County Board of Supervisors approves funding to help Beacons provide transportation!

Beacons is excited to share that at the recent September Board meeting the San Diego County Board of Supervisors approved funding to help Beacons offer a transportation option!

On September 27, 2022, Supervisor Terra Lawson-Remer, Supervisor for District 3, brought forward the grant request to help Beacons secure funding to purchase a vehicle to serve those with developmental disabilities or "diversabilities." Beacons is thankful to the entire Board for its unanimous approval of this request.


In 2020, the Board of Supervisors approved funding to help Beacons with its second site expansion to provide more vocational training and other options, a grant request brought forward by Carlsbad's then district supervisor, Supervisor Jim Desmond. Supervisors Lawson-Remer and Desmond also recently brought forward a proclamation in August 2022 recognizing August 30th as "Beacons North County Day," for its work, which the Board unanimously approved.

Supervisors Lawson-Remer and Desmond stand with Beacons Board members and Beacons North County Day proclamation.
Supervisors Lawson-Remer and Desmond show their support of the proclamation with Beacons Board members Lucile Lynch, Mary Backer, Janet Schenker and Ana Venegas.

Transportation is one of the most significant barriers for individuals with developmental disabilities preventing access to the community and employment. While publicly funded and subsidized options through ADA.ride and the North County Transit Department are available, riders who use the paratransit option LIFT have reported numerous ongoing problems.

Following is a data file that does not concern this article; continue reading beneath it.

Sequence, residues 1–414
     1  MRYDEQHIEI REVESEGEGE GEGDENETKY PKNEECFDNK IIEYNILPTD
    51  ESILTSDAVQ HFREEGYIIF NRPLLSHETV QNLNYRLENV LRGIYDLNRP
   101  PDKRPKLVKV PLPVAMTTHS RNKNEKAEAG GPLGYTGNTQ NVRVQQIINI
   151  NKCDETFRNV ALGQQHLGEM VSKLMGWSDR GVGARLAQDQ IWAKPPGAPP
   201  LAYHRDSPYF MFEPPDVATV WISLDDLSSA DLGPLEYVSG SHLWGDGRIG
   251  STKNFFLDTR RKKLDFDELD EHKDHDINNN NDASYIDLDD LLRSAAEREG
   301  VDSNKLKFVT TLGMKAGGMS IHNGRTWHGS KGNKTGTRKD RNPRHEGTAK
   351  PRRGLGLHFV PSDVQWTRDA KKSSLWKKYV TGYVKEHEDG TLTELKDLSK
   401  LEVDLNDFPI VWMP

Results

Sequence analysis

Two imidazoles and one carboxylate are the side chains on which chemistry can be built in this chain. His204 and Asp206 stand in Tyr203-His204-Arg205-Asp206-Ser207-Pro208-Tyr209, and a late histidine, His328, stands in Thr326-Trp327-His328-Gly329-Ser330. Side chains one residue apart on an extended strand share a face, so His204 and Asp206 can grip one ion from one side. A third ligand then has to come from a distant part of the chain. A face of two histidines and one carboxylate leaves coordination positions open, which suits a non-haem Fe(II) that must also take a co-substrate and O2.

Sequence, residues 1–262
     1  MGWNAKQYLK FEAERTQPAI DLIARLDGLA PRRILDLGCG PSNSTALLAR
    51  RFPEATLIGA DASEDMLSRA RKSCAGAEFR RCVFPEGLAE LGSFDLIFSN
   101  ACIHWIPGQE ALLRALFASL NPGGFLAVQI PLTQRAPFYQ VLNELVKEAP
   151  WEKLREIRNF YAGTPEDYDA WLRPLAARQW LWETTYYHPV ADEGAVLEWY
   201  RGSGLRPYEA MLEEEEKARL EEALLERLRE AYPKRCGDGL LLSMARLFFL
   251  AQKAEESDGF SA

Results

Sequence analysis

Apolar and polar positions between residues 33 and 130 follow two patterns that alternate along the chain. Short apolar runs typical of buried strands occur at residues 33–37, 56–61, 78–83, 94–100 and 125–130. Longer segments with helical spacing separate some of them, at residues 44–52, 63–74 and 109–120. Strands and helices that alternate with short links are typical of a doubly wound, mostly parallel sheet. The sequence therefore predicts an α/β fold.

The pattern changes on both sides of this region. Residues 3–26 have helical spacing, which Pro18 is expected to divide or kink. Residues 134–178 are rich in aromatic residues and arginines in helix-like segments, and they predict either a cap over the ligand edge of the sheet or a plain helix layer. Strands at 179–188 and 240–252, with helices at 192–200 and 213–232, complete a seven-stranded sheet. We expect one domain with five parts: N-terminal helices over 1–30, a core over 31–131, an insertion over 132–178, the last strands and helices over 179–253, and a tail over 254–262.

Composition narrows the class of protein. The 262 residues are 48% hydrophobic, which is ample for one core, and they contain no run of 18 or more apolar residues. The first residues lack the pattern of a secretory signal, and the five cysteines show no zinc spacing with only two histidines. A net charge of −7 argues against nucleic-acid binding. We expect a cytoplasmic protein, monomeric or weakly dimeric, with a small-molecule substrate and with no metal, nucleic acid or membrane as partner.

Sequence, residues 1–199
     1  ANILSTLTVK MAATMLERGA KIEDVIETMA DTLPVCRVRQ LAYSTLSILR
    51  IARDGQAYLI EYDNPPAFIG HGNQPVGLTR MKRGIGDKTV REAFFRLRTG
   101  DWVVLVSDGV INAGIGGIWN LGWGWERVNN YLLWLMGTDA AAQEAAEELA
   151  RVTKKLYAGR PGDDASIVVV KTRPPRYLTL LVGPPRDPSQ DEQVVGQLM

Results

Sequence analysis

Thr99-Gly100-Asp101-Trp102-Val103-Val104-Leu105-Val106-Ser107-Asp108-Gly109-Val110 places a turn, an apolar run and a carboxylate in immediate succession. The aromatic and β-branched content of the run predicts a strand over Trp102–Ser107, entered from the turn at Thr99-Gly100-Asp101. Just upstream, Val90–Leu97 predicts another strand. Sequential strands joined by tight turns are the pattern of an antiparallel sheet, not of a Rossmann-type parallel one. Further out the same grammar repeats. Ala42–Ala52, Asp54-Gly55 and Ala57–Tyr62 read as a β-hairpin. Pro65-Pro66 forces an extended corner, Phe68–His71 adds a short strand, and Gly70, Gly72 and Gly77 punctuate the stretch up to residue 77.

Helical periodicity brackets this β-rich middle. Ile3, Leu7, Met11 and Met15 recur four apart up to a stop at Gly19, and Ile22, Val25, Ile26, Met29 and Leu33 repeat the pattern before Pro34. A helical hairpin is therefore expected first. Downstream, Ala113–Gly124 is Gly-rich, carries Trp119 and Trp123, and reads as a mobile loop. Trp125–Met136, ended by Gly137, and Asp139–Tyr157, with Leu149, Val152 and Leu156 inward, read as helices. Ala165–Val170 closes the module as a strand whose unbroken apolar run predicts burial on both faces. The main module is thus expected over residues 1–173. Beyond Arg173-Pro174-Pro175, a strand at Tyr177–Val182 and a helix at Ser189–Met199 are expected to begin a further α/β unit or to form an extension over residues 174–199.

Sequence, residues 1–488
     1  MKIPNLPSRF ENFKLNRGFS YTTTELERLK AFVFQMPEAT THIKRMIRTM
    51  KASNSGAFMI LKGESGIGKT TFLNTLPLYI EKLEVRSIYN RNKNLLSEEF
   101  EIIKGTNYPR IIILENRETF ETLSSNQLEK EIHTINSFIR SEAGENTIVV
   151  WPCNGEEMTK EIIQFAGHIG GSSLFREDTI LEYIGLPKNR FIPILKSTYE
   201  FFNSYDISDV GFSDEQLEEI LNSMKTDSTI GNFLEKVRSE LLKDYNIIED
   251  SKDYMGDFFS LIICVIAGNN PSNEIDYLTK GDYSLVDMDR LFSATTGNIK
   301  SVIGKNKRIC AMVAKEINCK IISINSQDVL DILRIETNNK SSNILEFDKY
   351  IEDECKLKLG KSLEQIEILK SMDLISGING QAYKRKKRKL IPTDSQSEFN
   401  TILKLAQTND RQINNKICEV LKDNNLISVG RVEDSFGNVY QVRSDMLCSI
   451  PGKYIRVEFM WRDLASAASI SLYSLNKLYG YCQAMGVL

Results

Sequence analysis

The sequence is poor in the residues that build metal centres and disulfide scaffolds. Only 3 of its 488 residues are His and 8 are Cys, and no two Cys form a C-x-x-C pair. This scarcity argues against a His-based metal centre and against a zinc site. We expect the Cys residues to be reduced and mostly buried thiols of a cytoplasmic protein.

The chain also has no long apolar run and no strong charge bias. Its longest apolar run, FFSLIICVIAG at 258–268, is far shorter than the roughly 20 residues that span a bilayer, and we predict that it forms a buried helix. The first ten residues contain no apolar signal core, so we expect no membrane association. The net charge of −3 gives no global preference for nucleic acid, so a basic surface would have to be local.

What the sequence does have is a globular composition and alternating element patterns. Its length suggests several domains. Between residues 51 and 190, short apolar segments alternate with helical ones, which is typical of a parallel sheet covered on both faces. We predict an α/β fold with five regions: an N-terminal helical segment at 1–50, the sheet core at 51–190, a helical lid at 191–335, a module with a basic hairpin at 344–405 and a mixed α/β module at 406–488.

Examples of reported problems include:

  • having to remain on the LIFT shuttle for two hours or more to get to destinations just minutes away,

  • frequently waiting for pick-up beyond the 30 minute pick-up window stated on the LIFT website,

  • arriving late to work, or to vocational training, risking their employment, enrollment and at times their health,

  • drivers making inappropriate and at times lewd comments about females, making riders uncomfortable,

  • arriving in unmarked cars without badges or other identifying information causing uncertainty in riders.

On other occasions LIFT drivers have neglected to check the destination points arriving at the wrong location altogether. In at least one instance a driver fell asleep at the wheel placing riders at risk and requiring the riders to wake the rider, yet the driver retained his job. Another rider arrived hours late to her home causing potential health issues because she is diabetic. Another rider who recovered from cancer and who was on the shuttle for approximately two hours had to be taken to a public gas station to use the bathroom on his own placing him at risk because of his cognitive disabilities.


The transportation problems have been long known. In July of 2019, Lucile Lynch, the current president of Beacons, sent an email to SDFORWARD/SANDAG sharing how a LIFT driver took a 10 minute break while the rider stood by in the cold and then after completing the 10 minute break the driver pulled over by a wall near the Beacons entrance and relieved himself against the wall as the rider sat in the van and parents watched nearby.